Well hello again, friends! We’ve hit chapter five in Neurodiversity in the Classroom by Thomas Armstrong, which is all about the strengths of students with intellectual disabilities.
I have had the pleasure of working with a few adults with Down syndrome through university and already know quite a bit about their strengths and other positive attributes. However, as far as teaching goes I am extremely inexperienced.
During my practicing, I had a student with Down syndrome in the class, but was unfortunately not given a chance to really cater to his educational needs as my mentor teacher had prepared all of his personalized lessons. However, he was fully in an integrated classroom and listened and participated in whole-class lectures before class work was assigned.
The most intriguing (and accurate) quote I found in this chapter stated that the largest obsticle faces by individuals with intellectual disabilities is that others place low expectations on them.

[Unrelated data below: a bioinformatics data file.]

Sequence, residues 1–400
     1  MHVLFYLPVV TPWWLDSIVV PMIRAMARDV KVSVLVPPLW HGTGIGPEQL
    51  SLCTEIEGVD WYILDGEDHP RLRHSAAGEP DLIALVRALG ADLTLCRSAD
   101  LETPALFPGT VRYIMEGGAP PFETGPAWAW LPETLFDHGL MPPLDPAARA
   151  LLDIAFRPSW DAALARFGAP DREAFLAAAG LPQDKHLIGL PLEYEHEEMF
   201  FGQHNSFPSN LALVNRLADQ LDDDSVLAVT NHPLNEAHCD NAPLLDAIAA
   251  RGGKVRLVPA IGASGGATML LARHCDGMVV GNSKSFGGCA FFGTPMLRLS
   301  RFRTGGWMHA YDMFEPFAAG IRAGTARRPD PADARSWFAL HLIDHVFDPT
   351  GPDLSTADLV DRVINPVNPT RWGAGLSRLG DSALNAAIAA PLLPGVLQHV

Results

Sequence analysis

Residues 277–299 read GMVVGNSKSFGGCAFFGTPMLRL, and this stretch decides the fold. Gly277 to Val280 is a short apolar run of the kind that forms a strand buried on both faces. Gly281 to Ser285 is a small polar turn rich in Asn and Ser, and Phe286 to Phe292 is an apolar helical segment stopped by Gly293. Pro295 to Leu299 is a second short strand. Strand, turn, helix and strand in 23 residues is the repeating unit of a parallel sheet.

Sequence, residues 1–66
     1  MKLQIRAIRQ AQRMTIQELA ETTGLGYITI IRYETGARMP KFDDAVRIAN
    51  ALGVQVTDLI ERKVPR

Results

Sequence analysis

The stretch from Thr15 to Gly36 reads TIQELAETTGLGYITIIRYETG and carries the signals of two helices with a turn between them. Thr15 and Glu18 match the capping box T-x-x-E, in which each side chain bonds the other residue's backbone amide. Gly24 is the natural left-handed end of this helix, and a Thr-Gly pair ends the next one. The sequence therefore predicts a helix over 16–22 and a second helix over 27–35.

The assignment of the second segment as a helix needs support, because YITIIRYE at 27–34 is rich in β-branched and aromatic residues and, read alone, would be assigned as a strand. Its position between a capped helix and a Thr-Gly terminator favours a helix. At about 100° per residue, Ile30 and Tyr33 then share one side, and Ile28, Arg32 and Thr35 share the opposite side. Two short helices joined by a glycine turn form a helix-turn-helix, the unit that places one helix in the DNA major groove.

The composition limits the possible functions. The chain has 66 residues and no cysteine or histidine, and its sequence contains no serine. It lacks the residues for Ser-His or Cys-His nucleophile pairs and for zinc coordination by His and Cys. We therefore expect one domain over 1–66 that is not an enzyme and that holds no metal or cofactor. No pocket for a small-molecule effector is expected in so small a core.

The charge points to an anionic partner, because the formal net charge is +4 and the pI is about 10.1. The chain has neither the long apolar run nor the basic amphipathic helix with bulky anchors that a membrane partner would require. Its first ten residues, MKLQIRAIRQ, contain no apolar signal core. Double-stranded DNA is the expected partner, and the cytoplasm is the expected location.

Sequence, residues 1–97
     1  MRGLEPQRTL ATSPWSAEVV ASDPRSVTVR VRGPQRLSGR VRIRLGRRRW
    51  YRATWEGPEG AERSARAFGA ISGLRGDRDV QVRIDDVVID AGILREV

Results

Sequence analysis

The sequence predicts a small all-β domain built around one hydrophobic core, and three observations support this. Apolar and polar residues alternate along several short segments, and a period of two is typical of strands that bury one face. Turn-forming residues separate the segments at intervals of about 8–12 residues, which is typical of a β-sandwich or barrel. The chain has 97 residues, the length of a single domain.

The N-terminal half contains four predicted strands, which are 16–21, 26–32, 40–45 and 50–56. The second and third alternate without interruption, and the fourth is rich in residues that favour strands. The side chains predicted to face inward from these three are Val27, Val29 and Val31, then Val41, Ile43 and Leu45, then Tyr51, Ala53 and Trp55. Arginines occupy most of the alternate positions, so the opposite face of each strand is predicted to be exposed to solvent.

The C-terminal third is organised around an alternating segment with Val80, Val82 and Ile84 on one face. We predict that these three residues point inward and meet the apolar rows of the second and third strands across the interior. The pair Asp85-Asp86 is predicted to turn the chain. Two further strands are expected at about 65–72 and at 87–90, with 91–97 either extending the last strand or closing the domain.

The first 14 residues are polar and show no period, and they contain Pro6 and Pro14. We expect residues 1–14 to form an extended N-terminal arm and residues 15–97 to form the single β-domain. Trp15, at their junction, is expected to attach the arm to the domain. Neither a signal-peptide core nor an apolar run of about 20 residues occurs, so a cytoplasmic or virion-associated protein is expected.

Indeed, if society continually tells someone they are unable to do something, chances are they’ll start to believe it themselves and may not even try. This frustrates me hugely as I believe all people should be given the opportunity to succeed and find their own happiness.
Further discussed is also how to best teach individuals with intellectual disabilities. I found this helpful as many of the tips relate to my students with learning disabilities as well, such as playing games and linking lessons to personal lives. It’s a fun way to teach curriculum, life skills, and communication.
If you’re interested in knowing more about the book, here’s the link to it on Amazon. Stay tuned for our next chapter and happy reading!